The Eel River is staged for a comeback. And CalTrout is leading the way to accomplish this. We hope you enjoyed our five-part video series where we shared our headwaters-to-sea approach for returning the Eel River to its historic abundance. Our comprehensive plans include restoring the estuary, ensuring adequate flows for fish, removing barriers, and engaging in the Potter Valley Project dam relicensing process. We’re thrilled that our video series garnered so much attention. Check them out on CalTrout’s vimeo page if you missed them.
As part of our campaign, we were curious to hear from our supporters about their time spent on the Eel River. We know it’s a special place for many people, anglers, wildlife enthusiasts, hikers, and families looking for fun on the river. After hearing our story about the Eel, we asked folks to submit their own. Here are some of our favorite submissions. Enjoy! (To learn more about our Eel River project go to caltrout.org/eel)
Last summer my friends and I walked the entire coastline of California from Oregon to Mexico on the California Coastal Trail. In the rugged and wild north coast, we had to figure out how to cross many river mouths, including the place where the Eel River meets the sea. Routing inland to the road bridge would have added dozens of miles to our journey, so we were really hoping to find another way across. Luckily, Jens and Tyrone of Mad River Tackle offered to take us across in their boat. We marveled at the clear water and the seals hauling out on the shore.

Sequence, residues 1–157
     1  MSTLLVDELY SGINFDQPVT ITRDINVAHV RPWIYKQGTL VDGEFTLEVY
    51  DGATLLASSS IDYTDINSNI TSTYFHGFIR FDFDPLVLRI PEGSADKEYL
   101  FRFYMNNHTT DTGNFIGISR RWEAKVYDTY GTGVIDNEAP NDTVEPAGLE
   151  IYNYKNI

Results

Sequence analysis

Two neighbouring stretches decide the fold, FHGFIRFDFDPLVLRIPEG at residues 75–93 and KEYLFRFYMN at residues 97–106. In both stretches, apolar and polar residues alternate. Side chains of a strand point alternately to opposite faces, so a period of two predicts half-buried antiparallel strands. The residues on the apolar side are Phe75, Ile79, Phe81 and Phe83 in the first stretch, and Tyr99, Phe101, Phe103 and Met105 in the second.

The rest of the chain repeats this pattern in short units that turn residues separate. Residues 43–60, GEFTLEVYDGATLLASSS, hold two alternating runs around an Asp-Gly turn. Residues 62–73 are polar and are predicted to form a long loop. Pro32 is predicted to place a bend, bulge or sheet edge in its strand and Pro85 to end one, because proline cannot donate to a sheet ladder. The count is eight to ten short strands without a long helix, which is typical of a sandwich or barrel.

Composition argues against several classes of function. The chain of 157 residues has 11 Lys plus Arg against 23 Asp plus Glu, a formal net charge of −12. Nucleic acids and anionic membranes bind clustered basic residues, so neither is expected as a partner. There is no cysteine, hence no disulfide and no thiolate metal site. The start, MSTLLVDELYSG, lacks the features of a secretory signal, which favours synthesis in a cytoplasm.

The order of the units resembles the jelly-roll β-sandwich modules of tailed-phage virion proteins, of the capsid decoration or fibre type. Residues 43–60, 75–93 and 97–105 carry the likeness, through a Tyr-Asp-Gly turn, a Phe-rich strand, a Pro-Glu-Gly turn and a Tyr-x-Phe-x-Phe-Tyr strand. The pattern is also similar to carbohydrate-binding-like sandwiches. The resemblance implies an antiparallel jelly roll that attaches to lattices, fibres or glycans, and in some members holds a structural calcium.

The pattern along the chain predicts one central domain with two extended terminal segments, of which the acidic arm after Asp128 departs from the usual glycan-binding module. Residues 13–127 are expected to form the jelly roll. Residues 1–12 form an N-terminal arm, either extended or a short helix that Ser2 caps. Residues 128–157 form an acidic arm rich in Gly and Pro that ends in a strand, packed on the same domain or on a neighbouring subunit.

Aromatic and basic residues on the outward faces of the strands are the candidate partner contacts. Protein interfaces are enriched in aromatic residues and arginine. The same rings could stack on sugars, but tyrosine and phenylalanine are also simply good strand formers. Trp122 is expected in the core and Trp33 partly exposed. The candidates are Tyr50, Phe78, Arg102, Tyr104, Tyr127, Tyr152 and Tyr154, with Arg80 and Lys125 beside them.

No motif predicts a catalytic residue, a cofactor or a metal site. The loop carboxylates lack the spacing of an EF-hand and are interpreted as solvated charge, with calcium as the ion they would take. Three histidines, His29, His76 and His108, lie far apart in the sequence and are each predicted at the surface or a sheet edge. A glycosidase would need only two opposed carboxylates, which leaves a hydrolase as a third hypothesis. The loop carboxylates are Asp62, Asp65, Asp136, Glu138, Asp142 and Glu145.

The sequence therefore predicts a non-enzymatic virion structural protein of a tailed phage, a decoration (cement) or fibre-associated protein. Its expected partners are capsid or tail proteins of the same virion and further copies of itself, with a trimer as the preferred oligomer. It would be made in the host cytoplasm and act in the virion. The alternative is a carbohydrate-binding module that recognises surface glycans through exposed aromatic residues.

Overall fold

The next day, we made the strenuous climb up Wildcat ridge to avoid the treacherous coastline at False Cape. We were rewarded with sweeping views to the north, over forested ridges and down to the bright blue mouth of the Eel River.
My Father grew up under the shadow of the Redwood giants and fished the beautiful veins of life that coursed between them. He himself has seen the abundance that once was, and always says, “If I knew then; if we knew then, what we do now”. He says, “it didn’t always used to be this way.” To me, abundance has a negative connotation. Growing up and being attached to the outdoors and fly fishing, everything in abundance I’ve known was taken advantage of, farmed to near extinction, or reaped for all its worth and left to die. The only abundance I’ve known are from the stories my Father has told me.
But, there is hope.
We can still connect to the wild, and I can be a part of something that is free and abundant once more. There is hope on the horizon and a wonderful group of people working to protect and care for the Eel.